The cellular and molecular mechanisms driven by IL-25 and its cognate receptor IL-17RB necessary for the promotion of Th2-mediating pathogenic pulmonary inflammation remains to be defined. We have previously reported the critical role of the U-box-type E3 ubiquitin ligase Act1 (1) for the downstream signaling of the IL-17 cytokine family including the Th2-promoting cytokine IL-25 (IL-17E) (2). In this study, we report that IL-25-driven but not conventional IL-4-driven Th2 polarization and cytokine production is impaired in Act1-deficient T cells. Also, Act1 deficiency in the T cell compartment results in the abrogation of eosinophilic airway infiltration as well as airway hyperresponsiveness in mouse models of Ag-induced airway inflammation. The in vivo generation of Ag-specific Th2 cytokine-producing cells is defective in the absence of Act1 expression in T cells after OVA/aluminum hydroxide immunization. Notably, the production of OVA-specific IgG(1) but not IgG(2a) or IgE is also impaired. At the molecular level, we report that IL-25-mediated induction of Th2 master regulator GATA-3 and the transcription factor GFI-1 is attenuated in Act1-deficient T cells. Taken together, our findings indicate that Act1 expression in T cells is required for cellular and humoral Th2-mediated allergic responses and the development of airway hyperresponsiveness, in part, through Act1's function in IL-25-induced development of Th2 T cells. PMID:21856933

  16. Protease inhibitor reduces airway response and underlying inflammation in cockroach allergen-induced murine model.

    PubMed

    Saw, Sanjay; Arora, Naveen

    2015-04-01

    Protease(s) enhances airway inflammation and allergic cascade. In the present study, effect of a serine protease inhibitor was evaluated in mouse model of airway disease. Mice were sensitized with cockroach extract (CE) or Per a 10 and treated with 4-(2-aminoethyl) benzenesulfonyl fluoride hydrochloride (AEBSF) 1 h before or after challenge to measure airway response. Mice were euthanized to collect bronchoalveolar lavage fluid (BALF), blood, and lung to evaluate inflammation. AEBSF treatment significantly reduced the AHR in allergen-challenged mice in dose-dependent manner (p≤ 0.01). IgE (p≤0.05) and Th2 cytokines (p≤0.05) were significantly reduced in treated mice. AEBSF treatment lowered total cell (p≤0.05), eosinophil (p≤0.05), and neutrophil (p≤0.05) in BALF and lung tissue. Oxidative stress parameters were impaired on treatment in allergen-challenged mice (p≤0.05). AEBSF had therapeutic effect in allergen-induced airway resistance and underling inflammation and had potential for combination or as add-on therapy for respiratory diseases. PMID:25052477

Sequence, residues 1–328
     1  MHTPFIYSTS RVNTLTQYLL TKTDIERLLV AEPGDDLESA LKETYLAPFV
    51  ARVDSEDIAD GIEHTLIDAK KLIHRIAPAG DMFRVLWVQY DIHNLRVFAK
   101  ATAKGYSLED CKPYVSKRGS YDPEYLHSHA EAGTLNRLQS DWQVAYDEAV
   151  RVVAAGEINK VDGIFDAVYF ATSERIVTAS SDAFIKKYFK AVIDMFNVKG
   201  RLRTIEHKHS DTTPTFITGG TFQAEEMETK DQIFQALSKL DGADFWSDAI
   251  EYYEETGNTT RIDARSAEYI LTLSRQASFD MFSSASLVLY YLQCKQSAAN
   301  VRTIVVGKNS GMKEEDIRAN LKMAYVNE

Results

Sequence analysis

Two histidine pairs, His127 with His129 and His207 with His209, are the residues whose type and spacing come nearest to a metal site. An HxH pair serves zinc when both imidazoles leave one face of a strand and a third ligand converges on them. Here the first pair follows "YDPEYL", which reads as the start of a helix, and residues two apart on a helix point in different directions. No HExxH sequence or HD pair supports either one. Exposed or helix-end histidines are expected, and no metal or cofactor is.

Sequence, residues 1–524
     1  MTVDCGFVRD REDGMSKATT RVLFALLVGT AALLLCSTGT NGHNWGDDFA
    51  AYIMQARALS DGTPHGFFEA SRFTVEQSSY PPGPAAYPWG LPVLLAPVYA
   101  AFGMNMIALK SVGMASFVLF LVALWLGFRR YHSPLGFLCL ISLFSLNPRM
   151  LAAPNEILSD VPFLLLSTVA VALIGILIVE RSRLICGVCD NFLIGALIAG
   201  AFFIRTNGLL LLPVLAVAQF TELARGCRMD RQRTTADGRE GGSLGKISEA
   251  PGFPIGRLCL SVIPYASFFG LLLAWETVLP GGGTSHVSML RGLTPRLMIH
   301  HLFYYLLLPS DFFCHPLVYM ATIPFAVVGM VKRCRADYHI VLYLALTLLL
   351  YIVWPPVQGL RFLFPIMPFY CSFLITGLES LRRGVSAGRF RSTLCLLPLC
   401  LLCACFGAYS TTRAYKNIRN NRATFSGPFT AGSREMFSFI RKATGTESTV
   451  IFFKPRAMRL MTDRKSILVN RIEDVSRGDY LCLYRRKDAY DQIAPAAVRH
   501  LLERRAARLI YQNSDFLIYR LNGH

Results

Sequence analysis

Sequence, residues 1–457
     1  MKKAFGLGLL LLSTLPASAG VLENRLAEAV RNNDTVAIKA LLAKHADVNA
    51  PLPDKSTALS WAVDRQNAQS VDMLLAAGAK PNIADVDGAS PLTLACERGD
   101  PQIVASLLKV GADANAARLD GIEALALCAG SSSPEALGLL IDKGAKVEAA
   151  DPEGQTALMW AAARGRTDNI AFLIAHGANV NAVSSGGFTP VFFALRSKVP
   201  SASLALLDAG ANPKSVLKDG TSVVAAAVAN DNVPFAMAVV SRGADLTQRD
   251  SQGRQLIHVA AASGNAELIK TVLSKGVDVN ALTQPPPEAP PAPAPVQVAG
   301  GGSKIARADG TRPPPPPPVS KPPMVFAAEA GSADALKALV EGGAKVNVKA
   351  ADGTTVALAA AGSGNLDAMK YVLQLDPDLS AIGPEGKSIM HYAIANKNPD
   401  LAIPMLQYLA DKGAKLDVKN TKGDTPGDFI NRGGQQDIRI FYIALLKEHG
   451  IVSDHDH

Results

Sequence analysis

17. The Q-rich/PST domain of the AHR regulates both ligand-induced nuclear transport and nucleocytoplasmic shuttling

    PubMed Central

    Tkachenko, Anna; Henkler, Frank; Brinkmann, Joep; Sowada, Juliane; Genkinger, Doris; Kern, Christian; Tralau, Tewes; Luch, Andreas

    2016-01-01